Hospital

 

If your GP refers you to hospital for treatment, you will usually be given an appointment to see a consultant (specialist doctor). Depending on the medical problem, you may be treated as an in-patient (where you are admitted to a ward and stay there overnight or longer) or as an out-patient (where you visit the hospital for an appointment).

For information about whether you will have to pay hospital fees, please see the information following the link:

https://www.ukcisa.org.uk/Information--Advice/Studying--living-in-the-UK/Health-and-healthcare#layer-3209

 

 

Accident and Emergency (A&E) Department

 

Some hospitals have Accident and Emergency departments. These departments are open 24 hours a day.

 

If you need immediate medical assistance (for example, because of an accident), telephone 999. The call is free including from mobile phones. An operator will ask you which emergency service you need (Fire, Police or Ambulance).  For urgent medical assistance ask for the ambulance service. Be ready to tell the emergency services what has happened and exactly where you are, especially the street name.

 

Once you are connected to the Emergency Medical Dispatcher, she or he will ask you questions about the condition of the patient and may offer advice on what to do until the ambulance arrives. If the person is badly injured and needs to go to hospital, an ambulance will be dispatched to take the person to a hospital Accident and Emergency (A&E) department.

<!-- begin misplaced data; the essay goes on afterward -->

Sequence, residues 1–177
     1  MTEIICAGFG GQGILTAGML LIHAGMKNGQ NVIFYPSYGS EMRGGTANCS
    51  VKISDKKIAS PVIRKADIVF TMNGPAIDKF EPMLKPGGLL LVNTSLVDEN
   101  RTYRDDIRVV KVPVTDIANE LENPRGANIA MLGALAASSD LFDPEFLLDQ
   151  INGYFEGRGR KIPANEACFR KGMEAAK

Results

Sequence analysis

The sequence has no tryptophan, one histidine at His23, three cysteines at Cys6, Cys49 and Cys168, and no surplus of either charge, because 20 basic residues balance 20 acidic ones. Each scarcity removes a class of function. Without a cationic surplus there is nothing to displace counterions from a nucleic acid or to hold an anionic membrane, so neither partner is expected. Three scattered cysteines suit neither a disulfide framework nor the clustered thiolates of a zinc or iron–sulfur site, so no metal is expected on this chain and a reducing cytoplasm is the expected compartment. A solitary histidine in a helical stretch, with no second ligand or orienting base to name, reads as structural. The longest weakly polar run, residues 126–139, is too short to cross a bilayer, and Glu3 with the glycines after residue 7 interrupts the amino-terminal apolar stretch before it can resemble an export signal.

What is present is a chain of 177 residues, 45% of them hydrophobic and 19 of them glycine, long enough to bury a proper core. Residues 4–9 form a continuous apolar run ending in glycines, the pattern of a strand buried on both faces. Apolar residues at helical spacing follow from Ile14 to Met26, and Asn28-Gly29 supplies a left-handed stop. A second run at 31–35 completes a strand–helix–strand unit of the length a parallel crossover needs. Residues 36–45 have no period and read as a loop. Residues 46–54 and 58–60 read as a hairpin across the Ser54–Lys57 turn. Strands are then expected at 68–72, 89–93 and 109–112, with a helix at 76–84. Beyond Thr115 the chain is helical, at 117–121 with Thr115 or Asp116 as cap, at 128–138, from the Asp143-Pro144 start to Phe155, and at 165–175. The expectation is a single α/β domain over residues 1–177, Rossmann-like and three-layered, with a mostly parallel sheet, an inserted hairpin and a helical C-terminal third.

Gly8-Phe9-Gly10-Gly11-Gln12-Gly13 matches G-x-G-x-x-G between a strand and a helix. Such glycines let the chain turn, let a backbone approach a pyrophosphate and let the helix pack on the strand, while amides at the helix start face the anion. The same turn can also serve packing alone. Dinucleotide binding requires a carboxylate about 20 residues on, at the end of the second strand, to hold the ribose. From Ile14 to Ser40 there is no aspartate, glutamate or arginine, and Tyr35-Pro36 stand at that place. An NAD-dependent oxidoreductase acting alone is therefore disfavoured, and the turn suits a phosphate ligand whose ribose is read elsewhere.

If you need urgent treatment, but you are well enough to travel, you should make your own way by bus or taxi to an Accident and Emergency (A&E) department, or ask a friend to take you.

 

There are no fees for Accident and Emergency services (as long as you are not admitted as an in-patient and do not access follow-up treatment), and you do not have to have paid the immigration health surcharge to use them.

 

Note: You should only use A&E Departments for emergency treatment for serious illness or injury.

 

If you feel unwell or have a minor injury, always consider these options before going to A&E:

 

  • Self care – look after yourself at home with a well-stocked medicine cabinet

 

 

  • Ring NHS 111  – 24 hour helpline for medical help and advice. If you are not sure where to go for your illness or injury, ask them.

 

  • Make an appointment with your GP (doctor) - for illnesses that just won’t go away

 

 

 

 

The regulations

 

The regulations are 'The National Health Service (Charges to Overseas Visitors) Regulations 2015' (Statutory Instrument 2015 No.238). These have been amended a little by 'The National Health Service (Charges to Overseas Visitors) (Amendment) Regulations 2015' (Statutory Instrument 2015 No.2025).

 

 

 

 

Information about when to seek help

 

 

NHS 111
Click for more info

 

 

When to go to A&E
Click for more info

 

 

When to call 999
Click for more info

 

 

When to visit an urgent treatment centre
Click for more info

 

 

NHS out-of-hours services
Click for more info